OKLAHOMA CITY - An Oklahoma City police officer, shot in the line of duty while pursuing a suspect, will be receiving the medal of honor at this year's police banquet.

He talked with News9 Crime Tracker Adrianna Iwasinski about how lucky he is to be alive. Sgt. Jimmy Cortez is a 14 year police veteran, and came just feet away from the suspect, who fired multiple shots at point blank range.

"I clocked in 12 p.m. for my shift, and then the shooting happened about 12:20 p.m.," said Cortez.

Sgt. Cortez can still remember that day like it was yesterday. It was the afternoon of January 3, 2014 - when emergency crews were responding to an officer down.

"It just broke loose," remembers Cortez. "It was suspect on the ground, suspect running. I was able to get there, and crossed paths with the subject at Hefner and Western."

Sgt. Cortez was in his car when he confronted 21-year-old Joeshawn Edwards Williams.

"I got out of my car and ordered him to the ground," said Cortez. "And I could see him pulling at the gun belt - and I thought ‘God, is this kid really going to do this?' I already had my weapon out, and I thought surely he won't do this."

Cortez says he took off running, but as he closed in on him, he heard the gunshots.

"I saw what seemed to me like the biggest barrel I have ever seen in my life come around the jacket - and I heard two loud pops," recalls Cortez. "And then, I heard a 3rd shot and a 4th shot - and by then I was returning fire."

Sgt. Cortez was hit in the leg, and rushed to the hospital. But Joeshawn WIlliams was shot and killed at the scene. And Cortez realizes it could have been him that was shot and killed in the line of duty.

"You have a healthy respect for the loss of life," said Cortez. "Taking life, and honestly being prepared to give your own life."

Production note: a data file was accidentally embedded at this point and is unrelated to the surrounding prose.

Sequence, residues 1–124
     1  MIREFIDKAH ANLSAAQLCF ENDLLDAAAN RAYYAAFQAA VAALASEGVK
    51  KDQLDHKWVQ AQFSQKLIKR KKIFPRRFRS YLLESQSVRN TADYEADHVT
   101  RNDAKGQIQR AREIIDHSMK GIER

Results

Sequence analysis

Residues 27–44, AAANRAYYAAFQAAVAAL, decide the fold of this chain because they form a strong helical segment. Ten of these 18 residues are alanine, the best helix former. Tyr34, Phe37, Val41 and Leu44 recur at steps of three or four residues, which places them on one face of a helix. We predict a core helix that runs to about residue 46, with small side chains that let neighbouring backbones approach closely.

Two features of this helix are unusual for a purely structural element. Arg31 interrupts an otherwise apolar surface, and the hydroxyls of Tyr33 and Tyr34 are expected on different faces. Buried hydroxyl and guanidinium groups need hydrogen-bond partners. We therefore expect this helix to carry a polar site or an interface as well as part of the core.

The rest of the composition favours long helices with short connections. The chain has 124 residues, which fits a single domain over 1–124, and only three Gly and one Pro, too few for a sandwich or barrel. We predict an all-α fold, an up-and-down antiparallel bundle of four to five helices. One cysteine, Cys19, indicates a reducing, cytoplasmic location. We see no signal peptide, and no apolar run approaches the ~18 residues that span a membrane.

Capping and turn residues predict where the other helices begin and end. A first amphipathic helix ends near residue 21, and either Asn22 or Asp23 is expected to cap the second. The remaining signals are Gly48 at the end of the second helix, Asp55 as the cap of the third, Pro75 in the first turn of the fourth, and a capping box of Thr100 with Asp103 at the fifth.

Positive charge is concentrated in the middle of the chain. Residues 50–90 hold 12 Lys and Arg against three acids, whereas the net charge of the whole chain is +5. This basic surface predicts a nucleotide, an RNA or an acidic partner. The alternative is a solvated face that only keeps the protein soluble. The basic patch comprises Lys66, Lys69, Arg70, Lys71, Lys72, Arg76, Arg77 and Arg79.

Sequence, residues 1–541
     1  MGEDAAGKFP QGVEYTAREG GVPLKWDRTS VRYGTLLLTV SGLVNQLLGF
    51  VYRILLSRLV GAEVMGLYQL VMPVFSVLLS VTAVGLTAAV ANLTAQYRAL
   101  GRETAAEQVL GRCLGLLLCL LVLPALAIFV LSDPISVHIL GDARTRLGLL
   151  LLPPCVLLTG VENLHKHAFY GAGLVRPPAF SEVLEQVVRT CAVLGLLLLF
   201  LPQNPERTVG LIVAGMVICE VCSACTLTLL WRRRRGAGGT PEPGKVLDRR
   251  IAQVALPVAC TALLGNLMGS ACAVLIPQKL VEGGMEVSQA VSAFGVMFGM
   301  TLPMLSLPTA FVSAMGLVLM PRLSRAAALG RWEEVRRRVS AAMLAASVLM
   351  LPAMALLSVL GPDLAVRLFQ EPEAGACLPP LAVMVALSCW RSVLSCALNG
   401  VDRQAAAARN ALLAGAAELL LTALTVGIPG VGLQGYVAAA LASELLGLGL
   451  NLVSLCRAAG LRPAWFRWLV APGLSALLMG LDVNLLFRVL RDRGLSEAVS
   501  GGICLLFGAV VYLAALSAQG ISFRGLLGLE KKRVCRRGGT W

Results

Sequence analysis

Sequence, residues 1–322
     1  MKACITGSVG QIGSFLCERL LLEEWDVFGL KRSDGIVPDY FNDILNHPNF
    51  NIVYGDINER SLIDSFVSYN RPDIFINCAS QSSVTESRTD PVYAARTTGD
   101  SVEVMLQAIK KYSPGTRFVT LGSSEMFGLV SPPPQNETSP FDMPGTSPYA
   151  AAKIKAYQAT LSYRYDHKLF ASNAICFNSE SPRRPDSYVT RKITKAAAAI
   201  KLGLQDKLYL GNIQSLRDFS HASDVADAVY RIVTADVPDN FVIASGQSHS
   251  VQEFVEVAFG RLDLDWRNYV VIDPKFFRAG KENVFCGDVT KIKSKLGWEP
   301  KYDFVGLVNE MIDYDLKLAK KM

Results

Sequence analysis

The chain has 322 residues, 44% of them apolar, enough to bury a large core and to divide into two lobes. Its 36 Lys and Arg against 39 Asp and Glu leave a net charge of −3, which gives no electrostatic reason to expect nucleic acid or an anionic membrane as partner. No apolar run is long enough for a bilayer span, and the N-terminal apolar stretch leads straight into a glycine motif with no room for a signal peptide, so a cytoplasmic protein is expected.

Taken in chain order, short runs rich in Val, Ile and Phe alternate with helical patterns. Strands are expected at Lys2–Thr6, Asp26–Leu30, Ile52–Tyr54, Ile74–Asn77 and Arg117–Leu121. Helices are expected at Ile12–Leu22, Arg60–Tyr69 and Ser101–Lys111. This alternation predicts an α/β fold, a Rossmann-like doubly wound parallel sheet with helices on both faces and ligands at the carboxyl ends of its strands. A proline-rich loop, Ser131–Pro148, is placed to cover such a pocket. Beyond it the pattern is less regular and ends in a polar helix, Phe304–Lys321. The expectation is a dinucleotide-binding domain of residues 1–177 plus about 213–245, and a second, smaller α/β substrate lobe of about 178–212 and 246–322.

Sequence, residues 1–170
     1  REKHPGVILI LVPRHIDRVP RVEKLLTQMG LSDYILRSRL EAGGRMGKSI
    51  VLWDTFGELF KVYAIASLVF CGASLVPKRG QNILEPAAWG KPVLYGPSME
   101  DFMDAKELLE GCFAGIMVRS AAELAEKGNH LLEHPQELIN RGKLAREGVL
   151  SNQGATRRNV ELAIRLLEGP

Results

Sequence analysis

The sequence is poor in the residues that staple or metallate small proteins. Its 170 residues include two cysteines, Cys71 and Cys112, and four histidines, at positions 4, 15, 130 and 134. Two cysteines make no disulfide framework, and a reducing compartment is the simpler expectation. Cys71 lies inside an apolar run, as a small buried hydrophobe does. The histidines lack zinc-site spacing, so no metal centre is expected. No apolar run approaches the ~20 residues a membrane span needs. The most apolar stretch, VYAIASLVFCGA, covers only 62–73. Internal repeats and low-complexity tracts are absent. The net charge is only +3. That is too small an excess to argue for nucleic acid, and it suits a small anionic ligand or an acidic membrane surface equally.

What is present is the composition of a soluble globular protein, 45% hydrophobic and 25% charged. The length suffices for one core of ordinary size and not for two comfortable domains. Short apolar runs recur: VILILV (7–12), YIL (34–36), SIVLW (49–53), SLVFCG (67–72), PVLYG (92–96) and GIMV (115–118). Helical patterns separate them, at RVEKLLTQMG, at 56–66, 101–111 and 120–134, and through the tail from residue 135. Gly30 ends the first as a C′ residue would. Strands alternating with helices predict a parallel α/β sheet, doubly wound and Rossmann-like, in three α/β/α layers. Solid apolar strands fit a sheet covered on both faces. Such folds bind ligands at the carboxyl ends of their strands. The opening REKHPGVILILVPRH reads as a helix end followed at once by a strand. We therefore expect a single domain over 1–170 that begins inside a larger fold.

Sgt. Cortez says this was the first time in his career to ever be shot at by a suspect. He says he can remember the searing pain and burn in his leg. He credits God and his training at the Oklahoma City police Department for saving his life.

"I never expected it," said Cortez. "Forty-one seconds before that situation, I was sending a message - saying ‘it looks like it's going to be an easy day'."

Cortez says he can't thank his Oklahoma City Police family enough for standing by his side through the entire ordeal.

"You wear blue and gray, and you wear that gold badge," said Cortez. "And I'm going to tell you on that day, I had every one of my brothers and sisters with me. They were there and it was a comforting feeling."

And Cortez says he is honored and humbled to receive this year's medal of honor.

"You know there have been so many fine officers out there that have lost their life," said Cortez. "To even be held in those ranks is very humbling. I don't know if I deserve it. I survived - I survived."

Cortez is one of two Oklahoma City Police Officers who will be receiving the medal of honor this year.